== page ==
I’ve been watching Facebook closely for a long time.
I’ve tested hundreds of ad iterations.
I’ve worked hard to build organic reach for myself and my clients.
Here’s what I’ve concluded: Facebook is awesome. But it’s also tricky.
Why? Because the algorithm is constantly shifting, forcing marketers to up their game, readjust their techniques, and reorient their strategies.
Here’s the thing. If you have a social presence for your business, Facebook has decided that your organic reach needs to shrink.
You know, of course, that this isn’t the first time the social giant tweaked its algorithm.
In June, Adam Mosseri, VP, Product Management for News Feed at Facebook, shared a post that detailed how Facebook was updating the news feed.
The core of the update is to prioritize posts that come from friends and family while reducing the onslaught of content from businesses and other publishers. Facebook wants users to see more posts from actual people, not businesses doing marketing.
The gist of the algorithm remains the same.
But the variability is increasing. Mosseri explained:
It will vary a lot by publisher mostly based on how much of their referral traffic or their reach is based on people who actually share their content directly…
If you’ve got strong engagement from your audience and they’re shouting your name from the rooftops as they share your content, or generate content around your brand, you’ll be far less impacted by the update.
But most of the businesses I work with aren’t enjoying that level of stellar engagement.
This is what it boils down to. If you want to improve your reach and engagement, you’ll need to find ways to leverage user-generated content (UGC) since that’s what friends and family will see first.
What I want to communicate is pretty simple: User-generated content is one of the most effective forms of content marketing available today.
User-generated content is the future of content marketing.
UGC will act as dynamite to your social media presence, accelerate your onsite content efforts, increase engagement, boost conversions, and build up a wall of defense against any algorithm the world throws your way.
Let’s talk about where the rubber meets the road—your fans helping your site become a conversion-generating machine.
There are a lot of benefits to UGC, and those benefits can be significant. And that’s primarily because you’re not limited to social media when it comes to working with customers to acquire and leverage it—though that’s where a bulk of your gains can come into play.
Consider for a moment that more than half of the adult users on Facebook have around 200 people in their immediate networks, according to Pew Research.
That social network graph looks something like this:
If the algorithm wants all those people to see content from their connections first, it’s in your best interest to get your audience producing or creating content about you.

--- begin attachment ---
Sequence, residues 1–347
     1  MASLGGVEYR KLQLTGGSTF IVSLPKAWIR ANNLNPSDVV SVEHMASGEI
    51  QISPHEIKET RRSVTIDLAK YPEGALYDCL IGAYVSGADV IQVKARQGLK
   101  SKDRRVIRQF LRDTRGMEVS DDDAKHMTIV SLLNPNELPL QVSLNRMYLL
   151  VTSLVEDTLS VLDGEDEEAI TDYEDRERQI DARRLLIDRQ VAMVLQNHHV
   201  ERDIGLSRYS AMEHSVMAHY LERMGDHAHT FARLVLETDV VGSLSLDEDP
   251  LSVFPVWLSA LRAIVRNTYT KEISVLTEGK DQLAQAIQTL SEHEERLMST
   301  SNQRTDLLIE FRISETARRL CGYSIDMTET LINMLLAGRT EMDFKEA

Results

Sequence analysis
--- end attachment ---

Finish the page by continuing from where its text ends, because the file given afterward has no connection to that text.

And that’s not just for the sake of a little (or even big) boost in visibility.
Consumers fully admit they find branded information from their peers trustworthy—85% of consumers, to be exact.
That’s because the vast majority of them find that kind of content to be helpful when they make a decision about whether or not to make a purchase.
Nielsen’s study on this subject showed that 92% of consumers trust content and the opinions of their peers over any other kind of advertising.
UGC also has influence over that trust, according to data shared by Yotpo:
UGC is the best way to beat an algorithm that wants to topple and bury your promotions amid pictures of babies, beards, and breakfast platters.
But you’re not limited to Facebook in leveraging it.
With variations in engagement time across different social channels, you can see where there are opportunities to use user-generated content to drive up engagement as well as increase consumer trust.
Some brands are having a lot of success on other social channels and digital properties with UGC.
Below are a couple of examples of brands that leverage UGC using different channels.
National Geographic asked users to capture unforgettable people, places, and experiences that have impacted their lives from their travels around the world. The hashtag campaign (#wanderlustcontest) brought in tens of thousands of submissions branded to NatGeo.
And, of course, among those public submissions were some truly breathtaking and awe-inspiring photos people were all too happy to continue sharing.
Nissan’s luxury car brand, Infiniti, ran a campaign promoting its Q30 model, aiming to leverage the content of its fans to help promote the vehicle. The New Heights contest had users print out a marker card that would display the vehicle in 3D when used with their mobile app.
Fans were encouraged to show off the vehicle in unexpected places by snapping pictures and sharing them with a branded hashtag via different social channels.
These two great examples of building campaigns and visibility from user-generated content had a couple of things in common:
This aspect—the asking—is the most important part you need to remember.
Why? Because the majority of brands simply don’t ask. If you don’t ask for it, you won’t get it.
It’s just that simple.
So, what’s the simplest and most effective way to get UGC?
Ask your users to provide it.
Brands don’t want to be pushy, but with UGC, you’ve got to approach it like you approach a call to action (CTA).
With a CTA, you’re telling your audience explicitly what you want them to do. It’s been proven time and again that without a clear call to action, you lose conversions.
But only about 16% of brands take the same approach with UGC, expressing to fans just what kind of content they want to see. Without that kind of direction, consumers aren’t sure what’s okay to share.
In fact, 50% of consumers want brands to tell them what they should include when creating and sharing content.
You don’t need to give away a luxury or big-ticket item when you make the ask, but you do need to ask.
Don’t sit and wait for your fans to provide you with gold.
Here are some of the best ways you can start sourcing and leveraging user-generated content for your brand and social channels.
I’ve long felt that Yotpo is an impressive platform for sourcing reviews, engaging customers, and utilizing customer feedback to promote growth.